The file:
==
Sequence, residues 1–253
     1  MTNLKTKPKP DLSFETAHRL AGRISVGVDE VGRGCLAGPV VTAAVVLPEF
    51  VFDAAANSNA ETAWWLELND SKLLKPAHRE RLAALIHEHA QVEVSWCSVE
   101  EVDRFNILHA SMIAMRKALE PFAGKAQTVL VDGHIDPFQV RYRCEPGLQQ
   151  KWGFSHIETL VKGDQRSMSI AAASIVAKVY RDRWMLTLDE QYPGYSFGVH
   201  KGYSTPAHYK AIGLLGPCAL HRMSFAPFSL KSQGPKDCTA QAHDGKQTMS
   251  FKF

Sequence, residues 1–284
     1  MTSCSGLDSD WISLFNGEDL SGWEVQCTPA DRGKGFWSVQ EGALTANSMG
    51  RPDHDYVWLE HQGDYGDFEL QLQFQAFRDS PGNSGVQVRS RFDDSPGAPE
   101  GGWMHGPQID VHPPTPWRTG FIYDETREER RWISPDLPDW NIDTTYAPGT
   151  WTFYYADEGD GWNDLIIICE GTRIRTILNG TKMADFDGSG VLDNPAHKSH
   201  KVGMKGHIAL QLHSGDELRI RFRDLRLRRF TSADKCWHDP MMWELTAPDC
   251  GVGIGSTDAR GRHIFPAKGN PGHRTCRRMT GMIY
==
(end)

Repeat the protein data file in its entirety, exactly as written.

Sequence, residues 1–253
     1  MTNLKTKPKP DLSFETAHRL AGRISVGVDE VGRGCLAGPV VTAAVVLPEF
    51  VFDAAANSNA ETAWWLELND SKLLKPAHRE RLAALIHEHA QVEVSWCSVE
   101  EVDRFNILHA SMIAMRKALE PFAGKAQTVL VDGHIDPFQV RYRCEPGLQQ
   151  KWGFSHIETL VKGDQRSMSI AAASIVAKVY RDRWMLTLDE QYPGYSFGVH
   201  KGYSTPAHYK AIGLLGPCAL HRMSFAPFSL KSQGPKDCTA QAHDGKQTMS
   251  FKF

Sequence, residues 1–284
     1  MTSCSGLDSD WISLFNGEDL SGWEVQCTPA DRGKGFWSVQ EGALTANSMG
    51  RPDHDYVWLE HQGDYGDFEL QLQFQAFRDS PGNSGVQVRS RFDDSPGAPE
   101  GGWMHGPQID VHPPTPWRTG FIYDETREER RWISPDLPDW NIDTTYAPGT
   151  WTFYYADEGD GWNDLIIICE GTRIRTILNG TKMADFDGSG VLDNPAHKSH
   201  KVGMKGHIAL QLHSGDELRI RFRDLRLRRF TSADKCWHDP MMWELTAPDC
   251  GVGIGSTDAR GRHIFPAKGN PGHRTCRRMT GMIY